Clothing news March / April 2021

Here we feature updates on the UK fashion industry including recent collapses and a report on what brands are doing about pollution. An upcoming trade bill amendment on genocide and its links to the Uyghur people in China.

Dirty Fashion: Are fashion brands acting on pollution?

A new report, ‘Dirty Fashion: Crunch Time’, ranks fashion brands on how well they are preventing pollution in their supply chain, particularly in relation to viscose.

Viscose, a common fibre used in clothing, is made from trees and plants, and has the potential to be very sustainable. Unfortunately, it is often created using highly toxic chemicals which can find their way into water systems, threatening the health of ecosystems and local people.

The Changing Markets Foundation, who produced the report, responded to the problem by creating the Roadmap to Responsible Viscose and Model Fibre Manufacturing, with support from Ethical Consumer and other campaign organisations. ‘Dirty Fashion: Crunch Time’ assesses the progress of signatories to the roadmap as well as those fashion brands that are yet to sign up.

Some key highlights from the report:

  • ASOS, C&A, Esprit, M&S, Reformation and Tesco were among the most transparent and were found to have “published extensive lists of their viscose manufacturers on their corporate websites, including the names and, in some cases, full addresses of factories”.
  • Both budget and designer brands were given the worst ranking: Armani, Dolce & Gabbana, Prada and Versace rub shoulders with sports giant Nike and low-cost retailers Costco, Forever 21, TJ/TK Maxx and Walmart.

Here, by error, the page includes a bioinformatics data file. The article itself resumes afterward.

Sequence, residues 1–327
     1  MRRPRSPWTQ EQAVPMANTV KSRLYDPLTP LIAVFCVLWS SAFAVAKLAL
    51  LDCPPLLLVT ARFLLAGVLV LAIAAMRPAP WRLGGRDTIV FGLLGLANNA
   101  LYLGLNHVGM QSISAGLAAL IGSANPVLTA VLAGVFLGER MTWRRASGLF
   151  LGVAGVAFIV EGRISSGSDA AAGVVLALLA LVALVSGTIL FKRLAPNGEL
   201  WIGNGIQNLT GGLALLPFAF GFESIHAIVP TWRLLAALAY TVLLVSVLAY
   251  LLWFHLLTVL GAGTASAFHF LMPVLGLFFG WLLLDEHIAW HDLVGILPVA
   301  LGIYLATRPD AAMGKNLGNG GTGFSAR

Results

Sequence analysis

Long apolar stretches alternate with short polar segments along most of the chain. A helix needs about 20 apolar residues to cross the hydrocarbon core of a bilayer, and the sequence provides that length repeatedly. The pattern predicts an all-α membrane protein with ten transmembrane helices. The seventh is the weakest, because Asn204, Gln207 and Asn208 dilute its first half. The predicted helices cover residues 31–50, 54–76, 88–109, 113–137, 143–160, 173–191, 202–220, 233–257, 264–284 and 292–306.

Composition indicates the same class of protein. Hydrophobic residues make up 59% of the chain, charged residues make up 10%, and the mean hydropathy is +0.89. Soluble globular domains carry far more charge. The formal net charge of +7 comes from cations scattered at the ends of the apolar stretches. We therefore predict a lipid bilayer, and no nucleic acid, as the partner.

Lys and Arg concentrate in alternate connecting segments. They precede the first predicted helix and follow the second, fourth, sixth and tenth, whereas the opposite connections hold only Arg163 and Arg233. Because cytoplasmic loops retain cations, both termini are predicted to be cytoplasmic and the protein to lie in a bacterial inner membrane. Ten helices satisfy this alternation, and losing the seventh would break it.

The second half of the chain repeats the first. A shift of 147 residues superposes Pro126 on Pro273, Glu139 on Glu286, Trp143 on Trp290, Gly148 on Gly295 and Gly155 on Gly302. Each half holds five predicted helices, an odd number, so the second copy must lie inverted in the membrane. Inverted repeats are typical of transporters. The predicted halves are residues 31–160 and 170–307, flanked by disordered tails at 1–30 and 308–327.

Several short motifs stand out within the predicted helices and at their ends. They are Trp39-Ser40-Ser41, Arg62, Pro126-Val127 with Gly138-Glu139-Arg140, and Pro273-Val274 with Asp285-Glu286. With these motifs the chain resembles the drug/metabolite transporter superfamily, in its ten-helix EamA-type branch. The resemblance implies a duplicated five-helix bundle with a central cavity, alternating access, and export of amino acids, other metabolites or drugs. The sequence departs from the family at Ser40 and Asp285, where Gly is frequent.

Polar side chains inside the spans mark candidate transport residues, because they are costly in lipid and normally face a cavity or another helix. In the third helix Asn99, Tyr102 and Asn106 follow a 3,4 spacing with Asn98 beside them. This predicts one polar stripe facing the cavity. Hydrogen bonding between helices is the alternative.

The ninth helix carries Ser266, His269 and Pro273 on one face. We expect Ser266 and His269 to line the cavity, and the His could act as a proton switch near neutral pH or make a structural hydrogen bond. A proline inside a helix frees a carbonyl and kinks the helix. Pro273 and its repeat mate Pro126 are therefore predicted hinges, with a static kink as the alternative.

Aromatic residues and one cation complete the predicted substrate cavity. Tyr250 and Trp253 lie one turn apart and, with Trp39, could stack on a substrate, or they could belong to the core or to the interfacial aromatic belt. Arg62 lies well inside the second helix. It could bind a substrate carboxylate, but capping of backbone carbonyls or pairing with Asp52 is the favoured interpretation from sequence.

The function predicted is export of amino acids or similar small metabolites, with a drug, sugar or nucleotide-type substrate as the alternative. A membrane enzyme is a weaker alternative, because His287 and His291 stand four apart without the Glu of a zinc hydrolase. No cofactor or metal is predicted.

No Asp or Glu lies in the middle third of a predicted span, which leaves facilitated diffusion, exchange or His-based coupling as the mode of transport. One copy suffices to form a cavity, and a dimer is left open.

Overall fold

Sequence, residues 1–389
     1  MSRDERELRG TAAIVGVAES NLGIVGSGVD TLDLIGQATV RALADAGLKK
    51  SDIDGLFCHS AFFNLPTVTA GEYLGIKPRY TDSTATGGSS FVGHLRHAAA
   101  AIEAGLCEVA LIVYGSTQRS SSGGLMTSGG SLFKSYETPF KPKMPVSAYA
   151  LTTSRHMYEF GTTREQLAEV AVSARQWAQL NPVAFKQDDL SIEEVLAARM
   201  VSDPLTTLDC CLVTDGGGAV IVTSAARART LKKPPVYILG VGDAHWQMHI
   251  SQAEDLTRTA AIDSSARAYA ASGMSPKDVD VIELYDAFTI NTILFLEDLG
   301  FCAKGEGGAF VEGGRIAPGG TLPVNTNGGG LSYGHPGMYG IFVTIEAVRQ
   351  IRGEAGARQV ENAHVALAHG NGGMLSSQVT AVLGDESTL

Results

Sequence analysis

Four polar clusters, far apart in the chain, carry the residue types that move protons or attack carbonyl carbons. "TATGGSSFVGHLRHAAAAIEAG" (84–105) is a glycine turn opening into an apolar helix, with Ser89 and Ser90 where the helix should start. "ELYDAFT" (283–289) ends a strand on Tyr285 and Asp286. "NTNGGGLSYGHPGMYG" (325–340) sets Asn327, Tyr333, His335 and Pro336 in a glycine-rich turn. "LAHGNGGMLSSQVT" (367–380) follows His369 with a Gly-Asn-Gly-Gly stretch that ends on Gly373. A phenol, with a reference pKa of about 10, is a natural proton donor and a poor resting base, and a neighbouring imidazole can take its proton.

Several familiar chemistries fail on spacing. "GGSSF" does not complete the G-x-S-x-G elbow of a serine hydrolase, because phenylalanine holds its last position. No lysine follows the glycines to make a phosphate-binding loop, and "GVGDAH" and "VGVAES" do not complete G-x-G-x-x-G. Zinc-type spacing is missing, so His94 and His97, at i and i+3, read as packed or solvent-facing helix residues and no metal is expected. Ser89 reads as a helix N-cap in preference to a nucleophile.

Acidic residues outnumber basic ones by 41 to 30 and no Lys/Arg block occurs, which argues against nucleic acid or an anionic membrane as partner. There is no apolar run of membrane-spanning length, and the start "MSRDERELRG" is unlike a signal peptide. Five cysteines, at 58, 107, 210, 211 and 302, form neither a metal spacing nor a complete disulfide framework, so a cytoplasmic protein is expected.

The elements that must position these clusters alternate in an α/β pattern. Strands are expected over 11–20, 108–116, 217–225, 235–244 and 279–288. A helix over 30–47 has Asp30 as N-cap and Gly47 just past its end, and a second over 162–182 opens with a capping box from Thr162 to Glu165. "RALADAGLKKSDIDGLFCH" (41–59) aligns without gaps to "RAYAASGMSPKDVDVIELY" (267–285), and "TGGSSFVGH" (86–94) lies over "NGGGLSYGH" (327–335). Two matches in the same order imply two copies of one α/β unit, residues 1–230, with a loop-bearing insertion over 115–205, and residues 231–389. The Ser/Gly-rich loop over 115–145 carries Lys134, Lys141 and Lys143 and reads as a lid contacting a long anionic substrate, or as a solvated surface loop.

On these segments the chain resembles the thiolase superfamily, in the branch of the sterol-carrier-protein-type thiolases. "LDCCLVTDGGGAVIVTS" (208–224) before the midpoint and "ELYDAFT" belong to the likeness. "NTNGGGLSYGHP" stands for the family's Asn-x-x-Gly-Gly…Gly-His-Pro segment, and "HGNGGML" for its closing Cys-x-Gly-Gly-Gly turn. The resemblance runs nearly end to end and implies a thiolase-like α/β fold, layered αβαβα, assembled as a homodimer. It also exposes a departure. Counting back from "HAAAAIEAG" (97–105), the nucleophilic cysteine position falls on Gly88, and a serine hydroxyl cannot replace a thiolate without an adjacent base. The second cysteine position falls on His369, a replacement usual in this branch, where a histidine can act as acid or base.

Poorly performing companies will be marked down under our Pollution and Toxics category.

You can find out more and take action on the Dirty Fashion website.

Cartoon about unethical clothing business deals

#StopGenocidalTrade

Labour Behind the Label is asking people to show their support for a trade bill amendment which would allow UK courts to decide whether genocide was being committed. This could prevent the UK entering trade deals with states even if the UN has not officially recognised their actions as genocidal.

In the Xinjiang region of China, the Uyghur people are being subjected to multiple atrocities, including sterilisation, detention in ‘re-education’ camps and being forced to pick cotton that ends up supplying much of the global fashion industry. Claims of genocide have been brought to the International Criminal Court (ICC). The ICC made a request for further evidence in December 2020 and kept the case open but has not made a ruling yet.

Labour Behind the Label states:

“Human rights groups have said that the fashion industry is virtually complicit in the [Uyghur] forced labour. The upcoming Trade Bill amendment could grant [Uyghurs] the right to petition British courts.”

Ask your MP to support the bill via the Coalition for Genocide Response website.

Major shake-up of UK fashion industry

There is some major reorganising going on in the fast fashion industry with the collapse and acquisition of some big brands.

Debenhams, which had been in trouble for a while, has been acquired by none other than Boohoo in a £55 million deal. Boohoo will not be retaining Debenhams’ stores – resulting in an estimated 12,000 job losses. The takeover will not actually have a huge effect on Ethical Consumer score tables as Debenhams (which was part owned by Barclays Bank) already had a score of 3, just below Boohoo’s score of 4.

Impacts from Covid, on top of a decade of closures and losses, has also seen the sudden collapse of Arcadia Group. It is again an online-only retailer that has snapped up the failing high-street brands, with ASOS acquiring , Topman, Miss Selfridge and HIIT from Arcadia in a £305 million deal. It is expected to lead to the loss of up to 70 stores and thousands of jobs. Again, this won’t result in a dramatic change to our score tables, with ASOS having a marginally higher score of 8, compared to Arcadia Group’s 6.5.

As we went to press, Boohoo announced it had bought the Dorothy Perkins, Wallis and Burton brands and online businesses from Arcadia with the further loss of 2,450 workers and closure of the high street shops.